Honorary degree citation - Thérèse Casgrain*
By: Mair Verthuy, June 1980
Mr. Chancellor, I have the honour to present to you Senator Thérèse Casgrain, a distinguished and tireless fighter against social injustice whose name has over the years become synonymous with the cause not only of the advancement of women but also of the promotion of all human rights.
Senator Casgrain's achievements are so numerous that one cannot here do justice to them all. Perhaps I may remind you of a few. It was under her leadership that in 1940 Québec women obtained the right to vote, and thanks to her efforts that family allowance cheques were made out in the mother's name in Québec. She was a founding member of the Voice of Women as well as of La Fédération des Femmes du Québec, one of the first women's organizations here to cut across linguistic and religious barriers. She was Vice-President for Eastern Canada of the CCF and a founding member of the NDP. Senator Casgrain was also the first woman to run for election in Québec.
Indeed, I should like here to express my gratitude to all those who so often refused, because she was a woman, to elect her to parliament, as, in this manner, they enabled her, albeit unwittingly, to engage with much greater freedom in the significant social struggles that characterize her career. Sometimes the greatest victories are on outside the House.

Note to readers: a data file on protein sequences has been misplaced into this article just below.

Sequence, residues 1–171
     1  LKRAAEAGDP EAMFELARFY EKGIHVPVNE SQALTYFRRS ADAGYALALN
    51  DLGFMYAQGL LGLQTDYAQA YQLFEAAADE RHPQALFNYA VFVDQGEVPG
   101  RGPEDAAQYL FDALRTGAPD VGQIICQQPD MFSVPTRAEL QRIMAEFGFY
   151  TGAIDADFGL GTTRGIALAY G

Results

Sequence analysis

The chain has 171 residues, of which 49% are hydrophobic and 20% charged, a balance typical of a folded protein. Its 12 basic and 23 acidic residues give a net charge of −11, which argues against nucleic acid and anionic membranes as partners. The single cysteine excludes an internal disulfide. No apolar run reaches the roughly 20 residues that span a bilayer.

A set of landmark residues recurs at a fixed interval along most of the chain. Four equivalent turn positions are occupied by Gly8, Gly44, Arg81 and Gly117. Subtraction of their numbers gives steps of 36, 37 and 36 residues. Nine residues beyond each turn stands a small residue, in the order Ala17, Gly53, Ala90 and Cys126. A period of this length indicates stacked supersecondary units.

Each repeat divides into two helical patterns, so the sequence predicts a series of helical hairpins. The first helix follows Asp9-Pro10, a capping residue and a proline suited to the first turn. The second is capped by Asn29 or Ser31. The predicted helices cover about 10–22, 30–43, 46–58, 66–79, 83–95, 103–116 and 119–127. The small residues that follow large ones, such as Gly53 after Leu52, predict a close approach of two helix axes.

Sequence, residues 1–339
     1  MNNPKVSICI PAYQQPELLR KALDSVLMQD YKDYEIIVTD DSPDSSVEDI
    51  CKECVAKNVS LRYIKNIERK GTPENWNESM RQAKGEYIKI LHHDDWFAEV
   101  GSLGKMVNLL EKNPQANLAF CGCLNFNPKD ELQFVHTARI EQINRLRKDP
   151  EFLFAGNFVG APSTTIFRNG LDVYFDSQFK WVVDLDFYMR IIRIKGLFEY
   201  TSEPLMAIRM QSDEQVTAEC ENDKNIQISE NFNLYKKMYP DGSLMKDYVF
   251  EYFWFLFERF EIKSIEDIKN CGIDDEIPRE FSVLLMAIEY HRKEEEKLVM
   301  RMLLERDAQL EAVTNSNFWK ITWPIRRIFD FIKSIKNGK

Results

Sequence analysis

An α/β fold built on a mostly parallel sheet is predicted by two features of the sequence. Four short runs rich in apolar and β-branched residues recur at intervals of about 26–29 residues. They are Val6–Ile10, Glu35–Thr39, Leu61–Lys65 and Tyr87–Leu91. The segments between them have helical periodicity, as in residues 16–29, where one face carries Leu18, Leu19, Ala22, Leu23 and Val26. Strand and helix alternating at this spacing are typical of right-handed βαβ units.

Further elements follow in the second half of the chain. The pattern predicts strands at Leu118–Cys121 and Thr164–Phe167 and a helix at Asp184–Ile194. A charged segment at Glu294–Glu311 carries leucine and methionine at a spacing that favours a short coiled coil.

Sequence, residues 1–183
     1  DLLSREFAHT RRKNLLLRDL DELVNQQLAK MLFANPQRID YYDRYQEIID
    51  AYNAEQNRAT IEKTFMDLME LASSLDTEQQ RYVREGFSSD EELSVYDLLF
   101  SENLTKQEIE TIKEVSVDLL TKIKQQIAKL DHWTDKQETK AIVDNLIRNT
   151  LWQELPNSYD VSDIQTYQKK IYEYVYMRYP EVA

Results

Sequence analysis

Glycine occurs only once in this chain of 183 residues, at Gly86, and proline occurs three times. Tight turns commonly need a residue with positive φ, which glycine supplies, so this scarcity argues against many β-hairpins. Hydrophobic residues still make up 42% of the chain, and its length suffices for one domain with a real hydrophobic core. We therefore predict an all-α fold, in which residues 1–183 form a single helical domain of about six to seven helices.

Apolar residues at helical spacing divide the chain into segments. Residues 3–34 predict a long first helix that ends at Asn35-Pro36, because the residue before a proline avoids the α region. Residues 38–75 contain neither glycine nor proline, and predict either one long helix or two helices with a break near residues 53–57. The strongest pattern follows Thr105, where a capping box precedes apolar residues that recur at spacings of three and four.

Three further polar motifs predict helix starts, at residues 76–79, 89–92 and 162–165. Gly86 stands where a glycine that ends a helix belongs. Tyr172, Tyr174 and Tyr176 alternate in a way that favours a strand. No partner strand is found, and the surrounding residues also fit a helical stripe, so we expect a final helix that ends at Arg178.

A brief anecdote, if I may, because to me it typifies Senator Casgrain. When she and her colleagues were engaged in the suffrage movement, they regularly sent Premier Taschereau a bouquet of roses for his birthday. On one occasion he called to thank her for the lovely flowers and she responded: "Never forget, Mr. Premier, that roses also have thorns". As he and others have discovered.
Mr Chancellor, it is a privilege to present to you, on behalf of the Senate and by the authority of the Board of Governors, Senator Thérèse Casgrain, that you may confer on her the degree of Doctor of Laws, honoris causa.